Sorry for the ugly, I do not really maintain this anymore.
Almost 2 months ago, I started on a project that required the use of Python and access to an Oracle database. It took me multiple days in a row to finally get it up and running so that I could actually make progress on the project, but once I did, I thought nothing of finally getting it to work. However, I was recently approached by another person at work who had to use the cx_Oracle package to access an Oracle DB through Python, and realized the value of actually putting together a post about the steps required.
First off, it is really easy to get it running on Linux. I mean super easy to get Python and cx_Oracle up and running. Secondly, I have an XP machine at work, so no guarantees that this will work with all other Windows Operating Systems until I get to test it on one (not possible till about September at the earliest, I'll put a todo item in my calendar to try to remember to do it).
Alright, down to the nitty-gritty of it. You first need to install a recent, if not the latest, version of Python, if you don't already have it of course. When I was installing it on my work computer, that was Python 2.6.5. Now that would be Python 2.7, but since Python is intentionally backwards compatible, it SHOULDN'T matter. For installing Python, be sure to follow one of the many Python install guides available on the web, but the quick run-down of the install process is:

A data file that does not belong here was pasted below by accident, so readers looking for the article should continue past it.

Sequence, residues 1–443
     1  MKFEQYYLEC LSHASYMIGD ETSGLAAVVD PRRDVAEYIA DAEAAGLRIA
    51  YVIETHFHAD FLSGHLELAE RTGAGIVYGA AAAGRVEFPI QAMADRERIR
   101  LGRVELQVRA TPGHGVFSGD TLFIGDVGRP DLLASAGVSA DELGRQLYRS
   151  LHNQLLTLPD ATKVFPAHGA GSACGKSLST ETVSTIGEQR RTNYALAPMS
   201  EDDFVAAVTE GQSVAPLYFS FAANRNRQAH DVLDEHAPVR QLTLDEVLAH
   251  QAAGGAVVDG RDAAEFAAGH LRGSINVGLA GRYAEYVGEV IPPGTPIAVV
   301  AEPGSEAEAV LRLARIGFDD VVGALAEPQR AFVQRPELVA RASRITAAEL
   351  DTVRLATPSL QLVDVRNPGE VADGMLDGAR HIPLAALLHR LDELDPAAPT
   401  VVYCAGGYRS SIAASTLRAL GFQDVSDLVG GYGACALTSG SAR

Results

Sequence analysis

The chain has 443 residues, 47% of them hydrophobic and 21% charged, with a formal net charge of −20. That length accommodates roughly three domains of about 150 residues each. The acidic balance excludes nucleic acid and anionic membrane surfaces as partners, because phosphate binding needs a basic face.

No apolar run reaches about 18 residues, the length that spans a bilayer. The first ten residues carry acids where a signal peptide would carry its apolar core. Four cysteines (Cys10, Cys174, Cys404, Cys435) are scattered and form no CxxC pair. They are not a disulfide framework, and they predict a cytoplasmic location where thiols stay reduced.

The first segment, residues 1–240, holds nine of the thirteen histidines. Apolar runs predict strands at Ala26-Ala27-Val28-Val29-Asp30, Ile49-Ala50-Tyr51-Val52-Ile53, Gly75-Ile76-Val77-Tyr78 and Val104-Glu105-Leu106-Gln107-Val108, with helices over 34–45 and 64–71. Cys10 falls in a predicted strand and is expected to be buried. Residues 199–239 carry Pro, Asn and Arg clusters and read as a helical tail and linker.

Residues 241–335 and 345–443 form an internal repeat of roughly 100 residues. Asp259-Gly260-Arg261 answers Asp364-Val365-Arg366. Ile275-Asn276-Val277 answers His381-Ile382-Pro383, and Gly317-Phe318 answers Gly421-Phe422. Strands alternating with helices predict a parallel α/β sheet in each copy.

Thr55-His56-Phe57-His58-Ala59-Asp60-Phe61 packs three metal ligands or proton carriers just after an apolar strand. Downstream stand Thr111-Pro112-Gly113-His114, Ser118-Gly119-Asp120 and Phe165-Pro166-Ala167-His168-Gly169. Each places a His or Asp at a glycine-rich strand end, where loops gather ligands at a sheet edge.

Next, run the cx_Oracle .msi installer for your particular Windows install. Now that was the easy part.
Next up is the part that most people seem to miss, having an Oracle client on your local machine. Oracle suggests the use of the Oracle Instant Client (updated link thanks to Tim in the comments), and that's what I used this time. Oracle's instructions seem to have improved since I first installed the Oracle Instant Client, but that doesn't mean they are easy to follow.
You have now installed cx_Oracle successfully. To really test it, you can open up a Python command prompt and run the following lines of code to test it (case sensitive).
If either of those steps went wrong, double check the steps. If you still don't know, comment on the post, or email me (my email is lying around somewhere on this site), and I'll do my best to help you. There are also many forums and forum threads scattered around that have tried to explain these points as well, but I found them to be inadequate.
Lastly, Google is your friend for finding out about the different functions available in cx_Oracle, and the documentation isn't terrible for this either.